If you’re unaware of Strava’s influence in the world of athletic endeavors, their newly updated Global Heatmap makes for a powerful visual. Created to display all of the activities recorded by their extensive community of users, it’s a mind-bending amount of information and aggregates data gathered across 31 different activity types. Whether you run, ride, sea kayak, or backcountry ski, the new interactive map allows you to drill down to see where your fellow Strava members play.
In the time since the app first launched in 2009, Strava athletes have generated the equivalent of more than 200,000 years of recorded activity spanning 17 billion miles. If my math is correct, that’s 150 times greater than the distance to the sun. Every 40 days another million people join the community and by the time you finish reading this sentence 200 activities will have been uploaded.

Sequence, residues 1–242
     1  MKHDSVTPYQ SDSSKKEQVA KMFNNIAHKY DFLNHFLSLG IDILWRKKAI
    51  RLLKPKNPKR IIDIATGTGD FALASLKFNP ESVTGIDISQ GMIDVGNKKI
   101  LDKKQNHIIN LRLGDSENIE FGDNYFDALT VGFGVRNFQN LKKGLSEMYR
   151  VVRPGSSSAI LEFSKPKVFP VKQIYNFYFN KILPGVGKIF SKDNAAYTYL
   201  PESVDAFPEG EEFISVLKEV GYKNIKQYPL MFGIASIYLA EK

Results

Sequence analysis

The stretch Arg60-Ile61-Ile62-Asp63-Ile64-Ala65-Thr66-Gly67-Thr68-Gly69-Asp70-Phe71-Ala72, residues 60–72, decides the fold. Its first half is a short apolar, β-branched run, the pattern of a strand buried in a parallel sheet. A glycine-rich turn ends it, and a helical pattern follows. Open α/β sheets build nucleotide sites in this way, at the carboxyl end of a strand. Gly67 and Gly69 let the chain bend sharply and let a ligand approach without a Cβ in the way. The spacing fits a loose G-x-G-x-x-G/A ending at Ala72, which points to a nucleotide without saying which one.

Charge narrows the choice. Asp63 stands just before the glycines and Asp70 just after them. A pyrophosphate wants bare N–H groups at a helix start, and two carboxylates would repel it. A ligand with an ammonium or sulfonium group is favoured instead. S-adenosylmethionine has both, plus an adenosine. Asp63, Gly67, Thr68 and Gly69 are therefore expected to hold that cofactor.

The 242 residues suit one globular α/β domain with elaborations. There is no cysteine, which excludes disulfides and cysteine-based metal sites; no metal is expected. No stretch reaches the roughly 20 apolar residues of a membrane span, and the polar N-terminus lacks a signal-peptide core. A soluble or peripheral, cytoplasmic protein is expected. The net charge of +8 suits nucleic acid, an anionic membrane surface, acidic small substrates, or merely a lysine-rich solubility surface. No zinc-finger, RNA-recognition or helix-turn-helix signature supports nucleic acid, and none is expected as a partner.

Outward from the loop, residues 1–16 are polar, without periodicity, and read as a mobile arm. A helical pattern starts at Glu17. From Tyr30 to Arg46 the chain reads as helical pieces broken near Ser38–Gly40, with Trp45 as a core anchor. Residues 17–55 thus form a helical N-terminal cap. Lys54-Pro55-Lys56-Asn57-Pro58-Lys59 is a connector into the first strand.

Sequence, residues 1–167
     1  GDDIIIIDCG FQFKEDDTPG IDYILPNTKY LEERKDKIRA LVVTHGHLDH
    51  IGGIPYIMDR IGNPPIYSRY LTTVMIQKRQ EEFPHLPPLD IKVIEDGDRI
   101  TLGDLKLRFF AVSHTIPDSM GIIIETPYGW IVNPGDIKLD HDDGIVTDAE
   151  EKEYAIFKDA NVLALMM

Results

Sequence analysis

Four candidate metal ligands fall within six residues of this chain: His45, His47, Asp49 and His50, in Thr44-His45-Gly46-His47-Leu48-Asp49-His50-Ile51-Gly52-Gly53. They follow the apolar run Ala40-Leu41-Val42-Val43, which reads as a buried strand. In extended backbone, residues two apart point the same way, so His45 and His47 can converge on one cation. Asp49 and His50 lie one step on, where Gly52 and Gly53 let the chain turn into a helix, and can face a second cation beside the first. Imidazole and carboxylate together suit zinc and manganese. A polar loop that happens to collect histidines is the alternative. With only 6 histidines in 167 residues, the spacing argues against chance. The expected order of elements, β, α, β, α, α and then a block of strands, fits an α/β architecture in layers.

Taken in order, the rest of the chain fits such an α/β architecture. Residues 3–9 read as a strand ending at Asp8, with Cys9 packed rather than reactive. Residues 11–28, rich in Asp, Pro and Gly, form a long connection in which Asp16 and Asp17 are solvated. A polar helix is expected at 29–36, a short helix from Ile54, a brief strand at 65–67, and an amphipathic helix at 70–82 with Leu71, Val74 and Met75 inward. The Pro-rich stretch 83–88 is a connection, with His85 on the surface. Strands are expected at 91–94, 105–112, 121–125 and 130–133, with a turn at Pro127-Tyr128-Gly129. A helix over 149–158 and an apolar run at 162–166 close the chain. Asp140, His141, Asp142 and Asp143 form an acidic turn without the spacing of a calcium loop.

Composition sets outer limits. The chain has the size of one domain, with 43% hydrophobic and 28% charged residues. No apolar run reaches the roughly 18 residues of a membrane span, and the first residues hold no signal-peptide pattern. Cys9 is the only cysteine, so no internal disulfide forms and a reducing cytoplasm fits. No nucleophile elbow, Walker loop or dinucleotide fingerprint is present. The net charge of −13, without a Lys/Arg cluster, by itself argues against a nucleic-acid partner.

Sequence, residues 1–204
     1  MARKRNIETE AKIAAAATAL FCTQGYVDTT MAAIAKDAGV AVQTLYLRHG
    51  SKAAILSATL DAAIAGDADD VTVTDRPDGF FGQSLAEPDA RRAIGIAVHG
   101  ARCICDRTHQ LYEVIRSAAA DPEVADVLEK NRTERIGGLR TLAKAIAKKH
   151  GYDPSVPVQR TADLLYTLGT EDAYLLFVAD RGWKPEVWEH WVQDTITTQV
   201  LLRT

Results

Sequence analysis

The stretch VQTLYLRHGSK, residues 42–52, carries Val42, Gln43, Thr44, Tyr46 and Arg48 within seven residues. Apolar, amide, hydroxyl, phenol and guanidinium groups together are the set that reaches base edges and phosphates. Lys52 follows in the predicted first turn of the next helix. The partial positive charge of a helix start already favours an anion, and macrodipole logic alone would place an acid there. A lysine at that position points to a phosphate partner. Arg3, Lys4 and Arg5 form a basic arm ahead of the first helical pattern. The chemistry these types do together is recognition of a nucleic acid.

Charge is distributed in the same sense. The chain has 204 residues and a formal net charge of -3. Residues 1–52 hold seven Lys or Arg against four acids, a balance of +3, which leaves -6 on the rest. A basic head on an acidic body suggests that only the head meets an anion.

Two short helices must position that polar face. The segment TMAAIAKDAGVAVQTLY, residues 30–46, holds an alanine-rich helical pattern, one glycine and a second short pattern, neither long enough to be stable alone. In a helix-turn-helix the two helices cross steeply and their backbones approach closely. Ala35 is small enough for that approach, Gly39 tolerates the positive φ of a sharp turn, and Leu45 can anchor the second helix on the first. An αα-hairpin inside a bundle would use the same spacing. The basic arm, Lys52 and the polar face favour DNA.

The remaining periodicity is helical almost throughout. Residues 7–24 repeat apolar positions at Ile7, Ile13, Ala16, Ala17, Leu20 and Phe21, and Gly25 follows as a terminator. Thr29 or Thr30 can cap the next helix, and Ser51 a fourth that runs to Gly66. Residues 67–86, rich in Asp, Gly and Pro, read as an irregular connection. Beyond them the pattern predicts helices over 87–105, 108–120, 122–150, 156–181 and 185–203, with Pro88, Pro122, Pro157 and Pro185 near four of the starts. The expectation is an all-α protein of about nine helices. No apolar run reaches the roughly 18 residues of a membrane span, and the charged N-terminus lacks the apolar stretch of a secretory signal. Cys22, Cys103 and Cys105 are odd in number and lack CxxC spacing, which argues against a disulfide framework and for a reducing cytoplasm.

As a planning tool, the Global Heatmap has more gee-whiz factor than practical application, but it can be used to generally locate popular roads and trails, particularly in places you may not know well. After poking around the map for my area, I could quickly spot our local mountain bike race course, a route traveled by 5,000 riders over the course of just one weekend every year. The interactive map is free, but Premium Strava members can access personalized information.
The real utility in the app stems from the crossover applications with Strava’s other tracker, Strava Metro. Like the Heatmap, Metro records user activities and formats the information specifically for use by transportation engineers and municipal planners to best maximize bike lanes and walking routes. That might be the best use of Strava collected data yet, not that we don’t love to snag a KOM/QOM now and then.
Curious how Strava started and has grown to this level? Listen to our podcast interview with co-founder Mark Gainey!